Mental illnesses such as bipolar disorder have a reputation for being frightening, to both patients who are diagnosed and those around them. Ellen Forney in her graphic memoir Marbles seeks to reframe how her bipolar disorder is thought of, both by others but more importantly by herself, as she grapples with her diagnosis and treatment. Page 84 stands out in this reframing of her illness, as Ellen’s therapist Karen tries to help her rethink her disorder, and the symptoms she experiences.
Ellen’s therapist Karen’s office is labeled as a safe space, and is the only place Ellen feels she can relax while in a depressive episode. Page 84 of Marbles shows Karen’s office as a white, uninterrupted background, while all around there are lines surrounding Karen and Ellen outside of that safe space. These lines look like raindrops, giving the illusion that there is a storm outside the office. The office itself is the eye of the storm, offering Ellen safety and reprieve. The visual depiction of the office’s safe space as the eye of a storm implies a false sense of safety, because during the eye of the storm, the storm seems to have passed when it has not. We see this false sense of safety as Ellen still feels unable to tell her therapist about her drug use until years after the moment depicted on this page.
On this page, Karen asks Ellen to rethink her mania and depression in order to better cope with both the concept of her diagnosis as well as her actual symptoms. Reframing thoughts is a tool often used to combat depressive thoughts, and is the basis of the cognitive behavioral therapy (CBT) that Karen later introduces Ellen to. This reframing combates the cognitive distortions that depression causes. While Karen asks Ellen to reframe the way she thinks about her depression, the safe space of the office is framed in by the lines around it, on top of looking like the eye of the storm, it also makes Ellen and Karen seem as if they are framed for display. This is particularly interesting because one of Ellen’s fears throughout the memoir is being seen as nothing more than a mentally ill artist, and she worries about her appearance and her art making her diagnosis clear to the rest of the world. Because of her perception of her disorder as something to be ashamed of still, she is boxed into that way of thinking, which is visually depicted by the way the safe space is boxed in on the page. Part of Ellen’s treatment is learning how to be okay outside of the safe space of Karen’s office, and part of that comes with reframing her disorder from something to be ashamed of to something that she simply has to balance.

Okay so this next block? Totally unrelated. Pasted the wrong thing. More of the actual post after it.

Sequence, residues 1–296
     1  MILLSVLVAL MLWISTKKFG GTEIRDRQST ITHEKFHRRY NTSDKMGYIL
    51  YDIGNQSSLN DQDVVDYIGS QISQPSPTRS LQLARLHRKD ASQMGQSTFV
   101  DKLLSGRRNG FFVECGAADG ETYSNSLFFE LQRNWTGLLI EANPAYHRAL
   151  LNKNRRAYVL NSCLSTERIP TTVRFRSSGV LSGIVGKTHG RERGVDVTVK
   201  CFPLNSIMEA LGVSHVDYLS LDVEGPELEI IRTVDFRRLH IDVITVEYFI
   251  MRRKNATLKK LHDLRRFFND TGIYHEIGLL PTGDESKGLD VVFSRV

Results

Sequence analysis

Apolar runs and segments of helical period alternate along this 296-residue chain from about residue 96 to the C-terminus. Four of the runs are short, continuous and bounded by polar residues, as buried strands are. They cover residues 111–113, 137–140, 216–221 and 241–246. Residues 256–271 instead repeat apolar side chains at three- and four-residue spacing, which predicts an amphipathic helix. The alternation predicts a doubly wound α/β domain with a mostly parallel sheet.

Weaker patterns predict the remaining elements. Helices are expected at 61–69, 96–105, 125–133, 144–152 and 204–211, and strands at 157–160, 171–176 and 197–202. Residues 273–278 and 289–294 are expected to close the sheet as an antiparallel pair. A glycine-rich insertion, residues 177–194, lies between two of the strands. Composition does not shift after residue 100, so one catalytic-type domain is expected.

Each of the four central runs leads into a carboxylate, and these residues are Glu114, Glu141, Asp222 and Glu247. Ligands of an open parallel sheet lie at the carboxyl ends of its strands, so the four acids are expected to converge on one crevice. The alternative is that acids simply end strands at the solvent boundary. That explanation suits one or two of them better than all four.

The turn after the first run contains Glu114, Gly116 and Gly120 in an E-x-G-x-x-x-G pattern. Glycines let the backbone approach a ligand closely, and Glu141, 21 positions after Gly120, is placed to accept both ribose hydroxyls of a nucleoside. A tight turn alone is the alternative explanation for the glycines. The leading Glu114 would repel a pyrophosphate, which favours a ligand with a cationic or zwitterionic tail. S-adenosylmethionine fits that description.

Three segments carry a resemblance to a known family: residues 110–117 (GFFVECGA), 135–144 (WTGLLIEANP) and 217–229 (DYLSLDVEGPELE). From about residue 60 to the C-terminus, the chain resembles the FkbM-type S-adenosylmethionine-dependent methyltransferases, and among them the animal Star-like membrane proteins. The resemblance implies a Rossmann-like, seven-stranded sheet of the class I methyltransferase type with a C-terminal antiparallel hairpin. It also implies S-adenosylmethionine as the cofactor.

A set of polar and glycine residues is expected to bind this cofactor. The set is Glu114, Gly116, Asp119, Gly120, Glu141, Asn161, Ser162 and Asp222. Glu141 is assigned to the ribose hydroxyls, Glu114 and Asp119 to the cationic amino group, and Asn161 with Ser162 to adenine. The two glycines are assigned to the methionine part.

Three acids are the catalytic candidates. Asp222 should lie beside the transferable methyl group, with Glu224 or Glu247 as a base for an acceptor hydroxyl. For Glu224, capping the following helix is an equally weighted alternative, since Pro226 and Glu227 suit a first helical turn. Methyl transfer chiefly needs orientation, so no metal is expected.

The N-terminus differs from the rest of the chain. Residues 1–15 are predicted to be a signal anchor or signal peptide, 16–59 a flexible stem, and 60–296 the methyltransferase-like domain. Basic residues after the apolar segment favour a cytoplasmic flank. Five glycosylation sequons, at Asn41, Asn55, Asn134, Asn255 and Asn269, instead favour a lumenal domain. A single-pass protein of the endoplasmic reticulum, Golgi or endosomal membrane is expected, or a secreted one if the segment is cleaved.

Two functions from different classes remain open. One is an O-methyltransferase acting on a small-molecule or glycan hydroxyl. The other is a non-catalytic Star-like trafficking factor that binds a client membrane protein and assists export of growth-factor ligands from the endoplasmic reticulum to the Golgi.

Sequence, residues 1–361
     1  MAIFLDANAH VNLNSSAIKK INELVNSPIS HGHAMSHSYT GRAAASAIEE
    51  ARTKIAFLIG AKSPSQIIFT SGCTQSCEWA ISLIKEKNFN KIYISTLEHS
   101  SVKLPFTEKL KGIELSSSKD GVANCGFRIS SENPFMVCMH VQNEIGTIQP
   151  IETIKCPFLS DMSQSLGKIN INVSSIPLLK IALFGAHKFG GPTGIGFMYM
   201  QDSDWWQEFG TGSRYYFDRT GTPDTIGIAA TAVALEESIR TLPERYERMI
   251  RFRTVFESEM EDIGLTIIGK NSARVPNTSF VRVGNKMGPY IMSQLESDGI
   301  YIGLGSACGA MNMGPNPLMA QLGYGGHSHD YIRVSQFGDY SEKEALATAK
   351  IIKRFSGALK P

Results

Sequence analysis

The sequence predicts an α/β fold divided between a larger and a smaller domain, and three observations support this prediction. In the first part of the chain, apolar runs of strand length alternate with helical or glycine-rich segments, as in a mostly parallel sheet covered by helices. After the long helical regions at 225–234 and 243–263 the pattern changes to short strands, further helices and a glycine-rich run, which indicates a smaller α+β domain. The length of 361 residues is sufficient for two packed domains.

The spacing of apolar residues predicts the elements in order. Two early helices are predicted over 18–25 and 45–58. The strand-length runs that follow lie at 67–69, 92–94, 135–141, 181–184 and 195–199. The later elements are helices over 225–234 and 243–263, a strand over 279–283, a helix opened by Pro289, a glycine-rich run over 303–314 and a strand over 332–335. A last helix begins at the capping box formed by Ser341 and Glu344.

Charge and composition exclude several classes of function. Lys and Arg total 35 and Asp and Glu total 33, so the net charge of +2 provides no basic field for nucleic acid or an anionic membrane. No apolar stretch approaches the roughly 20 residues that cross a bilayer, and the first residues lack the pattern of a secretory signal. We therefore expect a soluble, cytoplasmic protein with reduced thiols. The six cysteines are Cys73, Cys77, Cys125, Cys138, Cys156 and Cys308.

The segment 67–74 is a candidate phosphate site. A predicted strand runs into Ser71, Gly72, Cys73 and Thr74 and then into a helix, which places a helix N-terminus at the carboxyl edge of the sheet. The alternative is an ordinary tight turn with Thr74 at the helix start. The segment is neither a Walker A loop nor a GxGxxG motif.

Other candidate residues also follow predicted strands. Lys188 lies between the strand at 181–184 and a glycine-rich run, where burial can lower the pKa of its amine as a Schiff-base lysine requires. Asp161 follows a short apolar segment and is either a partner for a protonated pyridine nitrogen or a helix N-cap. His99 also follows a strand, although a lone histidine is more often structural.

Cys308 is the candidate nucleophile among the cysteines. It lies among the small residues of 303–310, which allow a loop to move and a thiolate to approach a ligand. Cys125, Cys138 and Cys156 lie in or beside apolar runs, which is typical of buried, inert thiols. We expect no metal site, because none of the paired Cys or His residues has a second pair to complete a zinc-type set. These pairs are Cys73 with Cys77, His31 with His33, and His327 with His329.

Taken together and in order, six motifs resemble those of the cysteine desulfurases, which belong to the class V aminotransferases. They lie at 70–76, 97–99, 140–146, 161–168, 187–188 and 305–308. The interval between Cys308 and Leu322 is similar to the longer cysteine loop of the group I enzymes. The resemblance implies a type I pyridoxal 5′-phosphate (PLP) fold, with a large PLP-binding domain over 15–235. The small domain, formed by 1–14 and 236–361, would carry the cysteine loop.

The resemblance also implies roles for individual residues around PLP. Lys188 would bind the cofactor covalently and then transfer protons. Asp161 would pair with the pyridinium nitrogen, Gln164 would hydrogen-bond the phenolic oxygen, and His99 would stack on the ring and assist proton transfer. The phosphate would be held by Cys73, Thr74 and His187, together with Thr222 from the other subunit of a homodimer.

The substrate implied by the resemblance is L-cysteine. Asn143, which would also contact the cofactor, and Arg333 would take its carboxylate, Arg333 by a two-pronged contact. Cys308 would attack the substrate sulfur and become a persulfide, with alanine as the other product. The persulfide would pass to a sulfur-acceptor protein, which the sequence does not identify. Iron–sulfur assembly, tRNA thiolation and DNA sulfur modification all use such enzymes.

All the words on the page are on the same white empty space as the safe space, which gives the impression that Ellen feels free to express her thoughts on the page the same way she does in Karen’s office. At the top of the page, Ellen writes: “I had no sense of purpose. I felt like I was missing my skin.” These words have no borders around them. Her commentary on the rest of the page after Karen’s advice on reframing her mania and depression, are boxed in or framed, perhaps with how she is choosing to look back on that time now with the advantage of time to reframe how she thinks of herself and her bipolar disorder. At the time Ellen wrote the memoir, she would have had the time and distance from the original events to have already reframed the way she thinks of her bipolar disorder, and now her safe space really can extend away from Karen’s office. Ellen, as we are reading about at the time this page takes place, doesn’t yet know how to live her life as a bipolar artist, but Ellen, at the time she is writing the memoir, does. This combats the negative stereotype of those living with bipolar disorder as being incapable of functioning or living an independent life.
While Ellen learns to reframe how she thinks of her bipolar disorder in order to most effectively receive treatment and bring balance to her life within the content of the memoir. At the same time, Ellen in the act of writing the memoir helps the reader see a different perspective on bipolar disorder than the stereotypes encountered when she was first diagnosed, which made it difficult to cope with her diagnosis and treatment. This different way of looking at bipolar disorder, as morally neutral and as a flow of energy (as Karen tells Ellen on this page), not only sets Ellen up for better success in her treatment as she moves away from the stigma of her diagnosis, but it primes the reader to move away from that stigma as well.